This stuff is real. It’s raw. Testament to this daily kind of racist dismissal of black men is considered an urgent task of public discussion of the black condition. No one who understands this could possibly condone, for example, the vastly overreaching policy on stop-and-frisks in New York City. Should the police pay as much attention to the Upper East Side as Bedford-Stuyvesant? Of course not. But should most brown-skinned adolescents in a neighborhood expect to be stopped by usually surly cops for no reason? Say yes and you have no right to wonder why you get generation after generation of young men who feel alienated from their own society–which in fact makes Obama's consideration of Ray Kelly to lead the Department of Homeland Security decidedly more ungainly at this point.
In light of all this, Obama’s prescriptions were only half right. The idea that we need a “conversation” about race is tired. Besides the question as to what form this “conversation” would take, the suggestion is now a coded phrase for “conversion,” under which blacks would air grievance while whites “understand.” But many whites have done a lot of understanding on race over the past 50 years, and it’s unclear to me how much more of it could happen and via what strategies.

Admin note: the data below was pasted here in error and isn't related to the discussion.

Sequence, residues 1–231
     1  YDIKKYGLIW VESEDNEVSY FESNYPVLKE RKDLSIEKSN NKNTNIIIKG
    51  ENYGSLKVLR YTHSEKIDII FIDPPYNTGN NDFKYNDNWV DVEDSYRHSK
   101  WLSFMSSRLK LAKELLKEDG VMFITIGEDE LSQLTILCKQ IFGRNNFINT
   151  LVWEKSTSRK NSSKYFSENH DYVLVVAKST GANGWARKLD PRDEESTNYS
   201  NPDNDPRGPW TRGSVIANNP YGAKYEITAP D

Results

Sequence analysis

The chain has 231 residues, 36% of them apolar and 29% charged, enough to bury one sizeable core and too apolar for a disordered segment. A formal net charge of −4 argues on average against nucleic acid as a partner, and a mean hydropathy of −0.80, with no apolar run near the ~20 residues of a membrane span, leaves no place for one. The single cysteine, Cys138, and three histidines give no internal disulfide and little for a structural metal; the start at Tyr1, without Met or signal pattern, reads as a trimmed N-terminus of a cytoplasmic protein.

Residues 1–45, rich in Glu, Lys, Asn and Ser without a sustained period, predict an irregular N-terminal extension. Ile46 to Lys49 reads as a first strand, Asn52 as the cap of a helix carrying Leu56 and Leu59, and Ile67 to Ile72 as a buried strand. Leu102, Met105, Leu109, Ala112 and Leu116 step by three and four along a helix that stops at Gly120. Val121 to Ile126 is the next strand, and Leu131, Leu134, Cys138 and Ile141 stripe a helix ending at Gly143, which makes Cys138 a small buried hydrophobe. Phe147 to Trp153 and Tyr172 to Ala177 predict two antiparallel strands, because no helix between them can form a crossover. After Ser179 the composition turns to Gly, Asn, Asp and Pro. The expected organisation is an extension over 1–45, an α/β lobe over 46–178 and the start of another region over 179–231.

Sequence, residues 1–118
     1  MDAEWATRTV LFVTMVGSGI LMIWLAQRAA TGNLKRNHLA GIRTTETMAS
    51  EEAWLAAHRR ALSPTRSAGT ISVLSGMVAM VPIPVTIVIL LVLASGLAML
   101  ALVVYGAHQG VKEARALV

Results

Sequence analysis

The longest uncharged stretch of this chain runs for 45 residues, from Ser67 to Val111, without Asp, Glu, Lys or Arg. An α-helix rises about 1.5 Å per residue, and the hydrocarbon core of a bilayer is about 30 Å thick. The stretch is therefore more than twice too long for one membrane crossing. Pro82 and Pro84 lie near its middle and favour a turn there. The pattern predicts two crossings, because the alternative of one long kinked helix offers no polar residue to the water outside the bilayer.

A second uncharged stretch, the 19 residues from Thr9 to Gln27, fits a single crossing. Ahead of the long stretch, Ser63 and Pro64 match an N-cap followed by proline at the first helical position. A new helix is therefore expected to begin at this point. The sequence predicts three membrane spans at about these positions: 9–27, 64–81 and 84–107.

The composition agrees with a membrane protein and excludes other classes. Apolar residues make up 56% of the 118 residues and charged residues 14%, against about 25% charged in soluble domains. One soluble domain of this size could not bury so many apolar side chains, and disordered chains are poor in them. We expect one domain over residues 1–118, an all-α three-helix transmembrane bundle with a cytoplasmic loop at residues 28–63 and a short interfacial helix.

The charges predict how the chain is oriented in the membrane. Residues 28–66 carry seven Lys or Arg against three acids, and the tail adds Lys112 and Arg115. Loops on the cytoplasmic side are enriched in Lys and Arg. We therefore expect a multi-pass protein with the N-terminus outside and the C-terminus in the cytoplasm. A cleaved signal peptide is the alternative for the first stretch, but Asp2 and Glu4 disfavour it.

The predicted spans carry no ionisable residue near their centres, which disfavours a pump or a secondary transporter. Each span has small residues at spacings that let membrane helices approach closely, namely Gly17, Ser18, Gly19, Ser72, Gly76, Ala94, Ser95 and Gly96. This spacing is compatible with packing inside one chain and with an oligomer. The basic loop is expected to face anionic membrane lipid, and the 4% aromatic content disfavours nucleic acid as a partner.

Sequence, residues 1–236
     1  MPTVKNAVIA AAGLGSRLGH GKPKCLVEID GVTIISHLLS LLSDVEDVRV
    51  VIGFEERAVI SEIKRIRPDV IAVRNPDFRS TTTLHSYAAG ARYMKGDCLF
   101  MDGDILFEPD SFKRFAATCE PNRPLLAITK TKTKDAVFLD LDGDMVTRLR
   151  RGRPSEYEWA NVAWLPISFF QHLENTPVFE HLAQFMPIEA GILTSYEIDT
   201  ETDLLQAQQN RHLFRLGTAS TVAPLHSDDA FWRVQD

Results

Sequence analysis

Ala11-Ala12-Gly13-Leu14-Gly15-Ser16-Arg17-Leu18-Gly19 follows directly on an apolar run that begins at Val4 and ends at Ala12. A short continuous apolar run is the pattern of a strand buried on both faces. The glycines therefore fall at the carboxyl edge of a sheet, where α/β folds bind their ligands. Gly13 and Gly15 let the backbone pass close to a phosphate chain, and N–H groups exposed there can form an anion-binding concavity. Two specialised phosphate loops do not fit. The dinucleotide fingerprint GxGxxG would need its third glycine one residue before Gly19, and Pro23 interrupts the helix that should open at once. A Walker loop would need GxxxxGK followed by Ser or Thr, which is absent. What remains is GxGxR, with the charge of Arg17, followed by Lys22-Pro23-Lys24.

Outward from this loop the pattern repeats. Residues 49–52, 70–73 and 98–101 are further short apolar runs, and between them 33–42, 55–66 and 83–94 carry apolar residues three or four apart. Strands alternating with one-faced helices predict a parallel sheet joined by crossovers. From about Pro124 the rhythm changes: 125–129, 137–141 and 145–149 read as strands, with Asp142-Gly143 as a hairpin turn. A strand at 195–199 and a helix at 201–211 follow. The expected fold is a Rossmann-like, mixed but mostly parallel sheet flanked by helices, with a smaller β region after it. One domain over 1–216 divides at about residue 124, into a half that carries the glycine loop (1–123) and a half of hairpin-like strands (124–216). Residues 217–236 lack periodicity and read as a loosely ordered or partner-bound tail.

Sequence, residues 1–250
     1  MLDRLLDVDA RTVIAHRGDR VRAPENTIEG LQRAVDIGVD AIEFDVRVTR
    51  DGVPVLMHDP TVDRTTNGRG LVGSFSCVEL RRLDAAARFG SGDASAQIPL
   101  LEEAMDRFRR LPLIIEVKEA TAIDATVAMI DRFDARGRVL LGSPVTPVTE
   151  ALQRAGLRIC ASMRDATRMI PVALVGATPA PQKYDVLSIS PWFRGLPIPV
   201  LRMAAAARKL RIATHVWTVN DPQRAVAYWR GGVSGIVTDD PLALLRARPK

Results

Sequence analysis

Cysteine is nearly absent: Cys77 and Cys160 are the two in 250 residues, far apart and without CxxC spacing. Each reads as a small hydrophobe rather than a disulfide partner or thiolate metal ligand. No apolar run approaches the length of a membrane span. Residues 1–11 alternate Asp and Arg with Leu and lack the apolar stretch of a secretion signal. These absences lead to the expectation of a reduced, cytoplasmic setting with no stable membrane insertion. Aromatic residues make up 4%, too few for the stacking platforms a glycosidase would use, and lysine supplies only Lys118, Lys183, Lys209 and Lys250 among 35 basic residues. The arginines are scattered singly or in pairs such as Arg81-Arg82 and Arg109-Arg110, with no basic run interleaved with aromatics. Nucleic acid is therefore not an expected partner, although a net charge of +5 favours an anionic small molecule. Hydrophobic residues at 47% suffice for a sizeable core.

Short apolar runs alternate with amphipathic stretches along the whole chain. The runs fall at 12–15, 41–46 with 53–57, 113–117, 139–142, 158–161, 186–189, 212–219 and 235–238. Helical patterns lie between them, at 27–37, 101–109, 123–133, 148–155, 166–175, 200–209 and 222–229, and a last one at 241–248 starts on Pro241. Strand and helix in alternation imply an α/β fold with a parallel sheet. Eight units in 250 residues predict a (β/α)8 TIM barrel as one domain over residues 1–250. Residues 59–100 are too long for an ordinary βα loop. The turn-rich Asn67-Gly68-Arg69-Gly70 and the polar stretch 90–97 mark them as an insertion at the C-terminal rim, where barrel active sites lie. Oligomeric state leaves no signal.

Especially if the idea is that people shed their biases, as Obama said. Americans have gone a long way towards doing that, too, over the past decades, and Obama invaluably noted that today’s people twenty and under have gotten a lot further on this than we adults can often even imagine. However, the idea of racial bias ever completely disappearing is fantasy. Plus, let’s face it, those most interested in the “conversation” about race are going to come into it with certain biases, and precisely what model of human interaction would make such people leave the “conversation” with significantly less bias—i.e. what goes under another name as human feeling?
And the sad thing is that programs bolstering black boys’ self-esteem are fine, but they’ll only do so much. One hears of such efforts that make a difference, such as in the East New York neighborhood of late. But such programs depend on certain community members mustering a fierce and persistent kind of initiative that is 1) hard to expect of anything like all of America’s oppressed neighborhoods, and 2) even harder to sustain for longer than a few years.
Obama was more on point with two suggestions. One is that we continue refining profiling policies, such that entire communities don’t feel under siege. New York’s current stop-and-frisk program, for example, has already taught a whole generation of black and Latino boys now becoming men that white people are aliens. Two, laws like Florida’s Stand Your Ground mean that in encounters between such boys and law enforcers, including self-appointed ones like Mr. Z., if the boy resists—as Trayvon Martin almost certainly did and with eminent justification—he can be killed with impunity for resisting.
Presentation, overall, matters—and the sheer fact that Obama spoke on this topic at some length may mean more than the specifics of the address. Almost as if it was written in a novel, the same day Obama made his speech a Gallup poll showed that only about a third of black people think racism is, itself, the main reason for black America’s problems.
Yet to the extent that black people feel that even remnants of racism can still leave black people murdered, “It ain’t over.” Obama sees that, and here’s to him for showing it with his double authority as a President and a black one.